>While travelling through the latest additions to the Mackido site I
>noticed this article which sounded very promising but then went to put
>me offside with the very blatant [misguided statement]:
>"NT is not really multi-user, it is more of a glorified file and print
>server with decent administration tools. You can log in as different
>users, but only one can be logged in at a time without special
>software (like Citrix's WinFrame)."
>Hmm... spot the raw problem here? Let's rephrase it and change the
>subject and see if it still holds true:
>Unix is not really multi-user, it is more of a glorified file and
>print server with decent administration tools. You can log in as
>different users, but only one can be logged in at a time without
>special software (like telnetd or X windows).
Incorrect, John. I can log up to 12 users in at the same console.
Alt+F2-11 will give me a fresh console window with a login prompt. This is
incredibly useful when you need to change config files and you happen to be
at Joe Enduser's client machine, or when you're working at the console, not
working as root (for obvious reasons), and need to get back in as root
without using the su command at your user prompt. The advantage with using
Alt+F* at the root console is that the sysadmin doesn't -have- to work as
root. He/she/it can work as a normal user, with regular user rights and
privileges, and then only login as root when needed- most importantly, not
having to either leave the console they're at, and NOT having to reboot or
restart the OS.
>Get the picture? NT isn't multiuser because you need software to let
>remote users log with an interactive session but of course Unix is
>when you still need software to let remote users log in with an
No, John, you don't. See above. If Joe Enduser has an X session running, I
can even use Ctl+Alt+F* to give myself a console screen- WITHOUT killing
his X session to do it.
>Let's look for a definition of multiuser then? Sounds to me like the
>ability for the machine to support multiple users. Fine. My NT box
>currently has at least five different user accounts active at the
>moment (System, Administrator and three different jw accounts). Each
>have their own access permissions and have their own set of mutually
>exclusive processes. Sound multiuser yet?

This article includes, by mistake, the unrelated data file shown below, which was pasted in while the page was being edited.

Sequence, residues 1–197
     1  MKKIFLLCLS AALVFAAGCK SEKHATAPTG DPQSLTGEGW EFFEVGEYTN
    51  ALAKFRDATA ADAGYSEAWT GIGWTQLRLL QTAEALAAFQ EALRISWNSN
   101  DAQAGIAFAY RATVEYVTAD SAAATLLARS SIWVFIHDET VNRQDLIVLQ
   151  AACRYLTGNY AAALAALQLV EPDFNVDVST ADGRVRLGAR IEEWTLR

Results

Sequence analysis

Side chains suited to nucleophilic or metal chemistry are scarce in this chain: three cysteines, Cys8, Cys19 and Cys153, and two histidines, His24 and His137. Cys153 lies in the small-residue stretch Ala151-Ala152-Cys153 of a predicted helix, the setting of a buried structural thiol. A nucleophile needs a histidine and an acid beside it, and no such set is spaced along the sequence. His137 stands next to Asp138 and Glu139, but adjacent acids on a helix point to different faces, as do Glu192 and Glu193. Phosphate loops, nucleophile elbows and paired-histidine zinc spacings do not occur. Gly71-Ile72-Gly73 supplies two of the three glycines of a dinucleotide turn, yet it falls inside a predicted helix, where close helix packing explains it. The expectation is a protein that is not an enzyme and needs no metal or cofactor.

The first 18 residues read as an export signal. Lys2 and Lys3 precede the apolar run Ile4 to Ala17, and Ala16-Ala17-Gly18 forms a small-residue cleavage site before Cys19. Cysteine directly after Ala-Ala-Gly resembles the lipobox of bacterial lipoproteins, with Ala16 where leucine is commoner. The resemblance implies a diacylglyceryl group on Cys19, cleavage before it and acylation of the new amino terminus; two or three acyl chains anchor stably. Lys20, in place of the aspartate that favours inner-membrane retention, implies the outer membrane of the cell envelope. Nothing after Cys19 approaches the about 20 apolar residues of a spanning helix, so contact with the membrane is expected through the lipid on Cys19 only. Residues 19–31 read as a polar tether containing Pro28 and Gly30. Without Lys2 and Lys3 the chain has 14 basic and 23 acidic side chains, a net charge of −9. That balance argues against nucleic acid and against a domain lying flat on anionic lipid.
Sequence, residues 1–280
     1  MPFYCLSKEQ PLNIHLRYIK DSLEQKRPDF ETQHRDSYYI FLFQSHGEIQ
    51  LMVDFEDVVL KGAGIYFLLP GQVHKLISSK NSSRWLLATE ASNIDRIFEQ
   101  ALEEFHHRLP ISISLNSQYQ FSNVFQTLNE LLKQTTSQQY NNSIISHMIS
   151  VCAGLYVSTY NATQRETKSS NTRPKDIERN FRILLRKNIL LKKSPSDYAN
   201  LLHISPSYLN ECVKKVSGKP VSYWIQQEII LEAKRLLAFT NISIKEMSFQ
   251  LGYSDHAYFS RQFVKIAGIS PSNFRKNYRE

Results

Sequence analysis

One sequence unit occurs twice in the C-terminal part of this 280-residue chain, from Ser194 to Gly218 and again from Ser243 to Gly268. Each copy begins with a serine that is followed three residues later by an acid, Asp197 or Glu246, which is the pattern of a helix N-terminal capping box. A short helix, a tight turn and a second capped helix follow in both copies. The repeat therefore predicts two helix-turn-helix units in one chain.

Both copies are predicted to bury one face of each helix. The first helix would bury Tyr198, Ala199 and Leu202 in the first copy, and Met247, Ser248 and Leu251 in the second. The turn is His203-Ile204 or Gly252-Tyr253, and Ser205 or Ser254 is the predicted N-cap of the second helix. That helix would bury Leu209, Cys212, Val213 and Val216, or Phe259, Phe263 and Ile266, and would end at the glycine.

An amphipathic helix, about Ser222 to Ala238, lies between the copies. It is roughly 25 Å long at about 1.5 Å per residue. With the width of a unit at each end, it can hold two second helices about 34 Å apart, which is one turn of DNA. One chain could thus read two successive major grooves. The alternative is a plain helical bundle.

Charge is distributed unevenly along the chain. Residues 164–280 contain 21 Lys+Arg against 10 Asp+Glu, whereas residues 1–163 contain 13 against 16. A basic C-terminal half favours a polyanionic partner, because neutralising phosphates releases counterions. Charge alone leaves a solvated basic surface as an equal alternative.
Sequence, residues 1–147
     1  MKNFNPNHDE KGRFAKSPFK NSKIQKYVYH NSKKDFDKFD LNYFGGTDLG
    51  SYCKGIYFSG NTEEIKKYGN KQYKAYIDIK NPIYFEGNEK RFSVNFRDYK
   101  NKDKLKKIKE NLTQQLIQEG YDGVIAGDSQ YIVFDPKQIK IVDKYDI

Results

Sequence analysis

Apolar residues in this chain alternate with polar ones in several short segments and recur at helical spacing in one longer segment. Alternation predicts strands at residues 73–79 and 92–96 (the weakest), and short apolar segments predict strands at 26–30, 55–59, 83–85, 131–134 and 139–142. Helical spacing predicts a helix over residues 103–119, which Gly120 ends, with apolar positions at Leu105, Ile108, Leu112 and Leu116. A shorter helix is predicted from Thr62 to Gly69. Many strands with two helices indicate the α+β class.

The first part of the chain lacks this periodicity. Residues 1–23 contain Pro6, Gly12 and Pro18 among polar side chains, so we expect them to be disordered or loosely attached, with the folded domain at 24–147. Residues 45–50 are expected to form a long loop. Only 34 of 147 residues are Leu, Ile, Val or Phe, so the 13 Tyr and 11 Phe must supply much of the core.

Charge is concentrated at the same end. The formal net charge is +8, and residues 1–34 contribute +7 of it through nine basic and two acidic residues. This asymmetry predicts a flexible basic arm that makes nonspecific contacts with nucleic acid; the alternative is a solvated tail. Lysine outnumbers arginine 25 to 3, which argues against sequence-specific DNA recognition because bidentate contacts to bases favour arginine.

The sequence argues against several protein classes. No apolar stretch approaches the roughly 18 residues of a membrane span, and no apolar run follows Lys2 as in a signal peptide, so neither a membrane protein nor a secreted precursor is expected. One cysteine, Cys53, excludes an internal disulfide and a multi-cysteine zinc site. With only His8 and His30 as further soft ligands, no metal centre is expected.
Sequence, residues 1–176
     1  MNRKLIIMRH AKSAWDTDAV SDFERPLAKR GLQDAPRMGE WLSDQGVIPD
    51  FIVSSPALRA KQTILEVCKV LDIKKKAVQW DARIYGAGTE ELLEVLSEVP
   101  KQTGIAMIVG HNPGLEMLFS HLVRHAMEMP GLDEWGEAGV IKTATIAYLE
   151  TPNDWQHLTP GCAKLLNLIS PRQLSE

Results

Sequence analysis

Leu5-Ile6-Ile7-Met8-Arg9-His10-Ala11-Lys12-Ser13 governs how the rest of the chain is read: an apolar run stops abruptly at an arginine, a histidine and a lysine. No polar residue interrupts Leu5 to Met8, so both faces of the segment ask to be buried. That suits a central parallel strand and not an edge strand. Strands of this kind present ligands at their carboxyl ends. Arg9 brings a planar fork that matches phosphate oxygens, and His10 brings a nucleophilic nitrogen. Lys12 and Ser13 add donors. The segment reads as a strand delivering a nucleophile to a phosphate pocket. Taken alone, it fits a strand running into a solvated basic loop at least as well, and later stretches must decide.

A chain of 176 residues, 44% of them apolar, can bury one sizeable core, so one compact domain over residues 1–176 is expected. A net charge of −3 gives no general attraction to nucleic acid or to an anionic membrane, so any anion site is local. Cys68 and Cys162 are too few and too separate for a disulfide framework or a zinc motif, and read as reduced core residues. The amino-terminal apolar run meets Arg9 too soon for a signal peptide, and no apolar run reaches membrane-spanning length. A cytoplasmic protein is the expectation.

>*If* I want to allow multiple interactive users on my machine (which
>frankly isn't particularly useful to me) then I could go and get
>Winframe, NTRigue, WinDD, or in about a month, Hydra and Picasso. The
>fact is that the software *is* available and NT supports it.
And if you go the NT route, you have to lighten your wallet (yet again) just
to add functionality Unix (in its various flavors) already has.
>who says differently is either a liar or terminally misguided.
>On the Mac maybe. Not in the rest of the world. I seem to recall
>that NT is multi-user, VMS is multi-user, OS/2 is multi-user, S/390 is
>multi-user... Should I go on?
I think it depends on your definition of "multi-user". I haven't played
with VMS in about 8 years, so I can't really speak for VMS. S390 and OS/2
I've never played with at all. I do know NT, however, and I think the only
way to define NT (out of the box) as multi-user is to say it's "multi-user,
but only one login per client machine at one time".
>My point is that Unix offers almost nothing to the MacOS user and
>switching your Mac to Unix is probably not a good idea. A much better
>option if you can't do without Unix is get a PC (an old 486 is good)
>to sit in the corner and run Linux. You'll thank yourself for it in
I'll agree with you there (Knew eventually I would! <g>). I wouldn't advise
anyone to strip OS 8.1 off of their shiny new G3 to run LinuxPPC on it- the
G3's are too expensive to use just to learn Unix when one can build a
cheapie Intel-based system to do the same thing. The other option for G3
folks is to use VPC or RealPC and load Linux on top of it- especially if
we're talking about a system just to learn the ins and outs of Unix, where
performance isn't really an issue.
Many reports say the G3's perfomance is severly crippled by the MacOS
kernel, and I agree. It's the reason why I won't purchase a new G3 (or it
may be G4, by that time) until OSX goes final. It's not a completely fair
analogy, but it's why Linux runs rings around Win95 on the same machine, and
is also dramatically more stable. Give me a machine made by Apple that can
use the 750 to its full potential, and I'll be the first in line to buy it-
but presently, the cheapie 586 PC is my "stable multi-user" box- running
>John Wiltshire | (w) +61 7 38342783
>Fear: when you see B8 00 4C CD 21 and you know what it means.
Network Systems Specialist
NovaNET Learning, Inc.
"In computing because it beats working for a living."
I speak for me.
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